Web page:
Springer Nature and CRUI-CARE sign Publish & Read contract

First Transformative Agreement of Science Publisher in Southern Europe drives Open Access in Italy

Springer Nature has signed a Publish & Read (Transformative Agreement) with CRUI-CARE (Conferenza dei Rettori delle Universita Italiane). This association of Italian state and non-state universities represents over 90 scientific institutions. According to the scientific publisher, it is the first transformative contract in Southern Europe. It is intended as a supplement to eleven other national agreements in European countries that have the goal of a complete conversion to open access in mind. Springer Nature is considered to be the publisher with the most national transformation agreements.

The new Transformative Agreement (TA), in which the contracting parties gradually switch from a classic subscription model to Open Access (OA), is intended to lower the barriers for authors to fulfill OA requirements. There are several advantages for the CRUI-CARE association: Researchers at participating institutions will be able to publish OA in Springer Nature's portfolio (over 2,200 hybrid journals, including journals from Palgrave and Adis) and will have full read access to all of the publisher's subscription content. Officials anticipate more than 3,500 Italian research articles per year which will be freely accessible worldwide at the time of publication as a result of the new agreement. The contract was initially agreed for a term of four years until 31 December 2024.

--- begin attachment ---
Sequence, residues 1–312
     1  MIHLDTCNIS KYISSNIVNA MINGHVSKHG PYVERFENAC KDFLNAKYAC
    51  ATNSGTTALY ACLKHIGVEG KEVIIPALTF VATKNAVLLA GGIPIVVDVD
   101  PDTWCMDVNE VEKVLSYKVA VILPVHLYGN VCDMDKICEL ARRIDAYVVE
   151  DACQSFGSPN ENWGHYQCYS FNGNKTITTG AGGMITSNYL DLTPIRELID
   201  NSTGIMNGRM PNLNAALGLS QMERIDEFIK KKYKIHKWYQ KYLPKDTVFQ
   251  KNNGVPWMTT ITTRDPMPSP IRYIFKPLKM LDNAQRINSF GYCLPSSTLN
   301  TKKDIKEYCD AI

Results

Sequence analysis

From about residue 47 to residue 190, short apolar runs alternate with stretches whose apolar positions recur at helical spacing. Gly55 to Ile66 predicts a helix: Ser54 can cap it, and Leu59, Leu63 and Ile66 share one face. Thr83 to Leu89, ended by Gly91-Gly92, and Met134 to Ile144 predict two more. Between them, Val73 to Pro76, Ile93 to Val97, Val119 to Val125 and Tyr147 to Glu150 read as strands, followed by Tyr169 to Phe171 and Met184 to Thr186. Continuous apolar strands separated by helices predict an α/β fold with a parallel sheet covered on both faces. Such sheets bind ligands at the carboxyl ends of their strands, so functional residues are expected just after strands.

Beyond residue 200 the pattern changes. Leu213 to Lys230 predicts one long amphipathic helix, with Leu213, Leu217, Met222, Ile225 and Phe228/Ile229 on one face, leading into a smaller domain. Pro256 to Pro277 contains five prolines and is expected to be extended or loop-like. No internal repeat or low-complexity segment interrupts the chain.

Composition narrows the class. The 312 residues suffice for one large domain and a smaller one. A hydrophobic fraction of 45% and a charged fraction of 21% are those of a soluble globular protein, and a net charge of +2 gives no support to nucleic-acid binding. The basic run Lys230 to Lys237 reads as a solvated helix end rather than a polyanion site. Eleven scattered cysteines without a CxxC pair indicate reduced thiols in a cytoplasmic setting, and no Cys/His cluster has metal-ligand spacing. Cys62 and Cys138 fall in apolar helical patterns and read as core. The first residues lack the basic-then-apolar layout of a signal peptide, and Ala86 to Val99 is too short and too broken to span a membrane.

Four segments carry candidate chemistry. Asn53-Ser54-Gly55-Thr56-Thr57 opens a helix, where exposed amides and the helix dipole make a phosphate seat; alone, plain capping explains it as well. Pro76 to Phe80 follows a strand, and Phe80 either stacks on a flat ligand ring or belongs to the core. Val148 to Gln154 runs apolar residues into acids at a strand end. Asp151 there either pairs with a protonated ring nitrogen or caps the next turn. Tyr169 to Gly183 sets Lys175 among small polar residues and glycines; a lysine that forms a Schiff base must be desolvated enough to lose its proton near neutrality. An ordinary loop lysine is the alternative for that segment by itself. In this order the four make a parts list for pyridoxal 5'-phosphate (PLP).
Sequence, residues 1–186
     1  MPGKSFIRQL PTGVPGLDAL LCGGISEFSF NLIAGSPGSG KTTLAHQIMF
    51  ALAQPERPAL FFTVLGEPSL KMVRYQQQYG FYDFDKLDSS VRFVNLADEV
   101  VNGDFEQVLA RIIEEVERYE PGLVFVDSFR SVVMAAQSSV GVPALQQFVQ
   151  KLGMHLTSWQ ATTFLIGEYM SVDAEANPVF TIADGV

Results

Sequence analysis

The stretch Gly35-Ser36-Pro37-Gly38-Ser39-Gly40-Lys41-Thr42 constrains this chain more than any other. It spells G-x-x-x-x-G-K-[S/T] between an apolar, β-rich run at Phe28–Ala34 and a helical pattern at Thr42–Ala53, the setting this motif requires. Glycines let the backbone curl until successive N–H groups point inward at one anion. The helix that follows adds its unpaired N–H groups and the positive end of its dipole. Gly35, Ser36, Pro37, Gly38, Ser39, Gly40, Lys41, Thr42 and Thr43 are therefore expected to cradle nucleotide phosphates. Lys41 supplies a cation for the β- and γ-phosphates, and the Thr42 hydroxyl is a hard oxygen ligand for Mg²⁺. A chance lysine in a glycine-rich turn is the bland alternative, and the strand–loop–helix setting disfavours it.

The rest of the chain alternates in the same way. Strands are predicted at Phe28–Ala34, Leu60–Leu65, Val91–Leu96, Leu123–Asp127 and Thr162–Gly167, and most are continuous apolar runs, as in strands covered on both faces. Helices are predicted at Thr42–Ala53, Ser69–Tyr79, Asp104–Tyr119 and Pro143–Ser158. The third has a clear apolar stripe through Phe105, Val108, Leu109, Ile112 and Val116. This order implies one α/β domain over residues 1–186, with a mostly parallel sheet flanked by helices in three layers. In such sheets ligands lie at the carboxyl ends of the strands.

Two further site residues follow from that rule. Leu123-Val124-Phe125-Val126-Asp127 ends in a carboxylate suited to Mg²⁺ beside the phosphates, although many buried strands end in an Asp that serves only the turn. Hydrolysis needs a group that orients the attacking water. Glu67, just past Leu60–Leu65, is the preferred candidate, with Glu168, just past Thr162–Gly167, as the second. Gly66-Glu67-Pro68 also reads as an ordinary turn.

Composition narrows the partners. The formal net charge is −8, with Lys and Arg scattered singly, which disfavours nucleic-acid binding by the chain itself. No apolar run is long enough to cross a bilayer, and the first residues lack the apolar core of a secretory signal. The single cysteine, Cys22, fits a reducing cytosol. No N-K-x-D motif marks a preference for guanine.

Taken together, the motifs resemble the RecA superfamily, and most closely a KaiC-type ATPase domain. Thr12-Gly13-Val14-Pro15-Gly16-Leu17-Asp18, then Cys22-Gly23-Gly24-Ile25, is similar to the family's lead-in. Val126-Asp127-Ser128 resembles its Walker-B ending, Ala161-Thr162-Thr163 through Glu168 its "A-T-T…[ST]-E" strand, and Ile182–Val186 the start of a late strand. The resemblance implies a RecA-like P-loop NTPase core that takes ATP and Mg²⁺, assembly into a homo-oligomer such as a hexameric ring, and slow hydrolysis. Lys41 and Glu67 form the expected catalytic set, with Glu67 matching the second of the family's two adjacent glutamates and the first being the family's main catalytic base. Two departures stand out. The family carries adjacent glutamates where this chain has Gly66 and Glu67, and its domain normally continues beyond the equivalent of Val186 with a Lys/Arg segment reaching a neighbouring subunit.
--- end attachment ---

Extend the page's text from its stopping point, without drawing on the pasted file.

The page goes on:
"Transformative agreements are incredibly important in driving the transition to OA, as they enable the move to OA at country level," commented Dagmar Laging, Vice President Institutional Sales Europe at Springer Nature, on the signed agreement. "We are therefore very pleased to work on OA in Southern Europe for the first time with such a strong and renowned partner like CRUI-CARE. Together we will make research results from Italy immediately available worldwide, drive OA publishing and thereby bring about real progress for Open Science."